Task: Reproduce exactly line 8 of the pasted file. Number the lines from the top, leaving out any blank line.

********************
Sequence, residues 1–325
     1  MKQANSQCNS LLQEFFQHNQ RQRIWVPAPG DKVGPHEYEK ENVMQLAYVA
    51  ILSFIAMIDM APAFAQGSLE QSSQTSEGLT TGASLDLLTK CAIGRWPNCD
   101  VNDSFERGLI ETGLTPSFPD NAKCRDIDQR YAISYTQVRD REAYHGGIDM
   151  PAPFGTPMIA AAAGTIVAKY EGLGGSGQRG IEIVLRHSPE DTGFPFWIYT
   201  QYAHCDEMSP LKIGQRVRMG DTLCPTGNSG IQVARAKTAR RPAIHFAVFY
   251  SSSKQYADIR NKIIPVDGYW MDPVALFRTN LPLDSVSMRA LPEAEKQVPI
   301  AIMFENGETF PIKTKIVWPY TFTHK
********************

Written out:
   301  AIMFENGETF PIKTKIVWPY TFTHK